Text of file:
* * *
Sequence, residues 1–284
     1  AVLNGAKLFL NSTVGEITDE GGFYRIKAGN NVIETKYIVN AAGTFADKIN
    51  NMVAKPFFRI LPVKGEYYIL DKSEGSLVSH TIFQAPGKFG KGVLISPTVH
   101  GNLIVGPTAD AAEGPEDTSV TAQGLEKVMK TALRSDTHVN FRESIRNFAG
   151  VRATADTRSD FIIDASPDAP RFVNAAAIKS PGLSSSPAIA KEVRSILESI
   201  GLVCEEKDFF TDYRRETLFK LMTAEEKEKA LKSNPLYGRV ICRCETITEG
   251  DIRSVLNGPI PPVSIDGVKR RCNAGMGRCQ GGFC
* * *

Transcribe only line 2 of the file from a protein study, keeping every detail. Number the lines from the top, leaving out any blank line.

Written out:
     1  AVLNGAKLFL NSTVGEITDE GGFYRIKAGN NVIETKYIVN AAGTFADKIN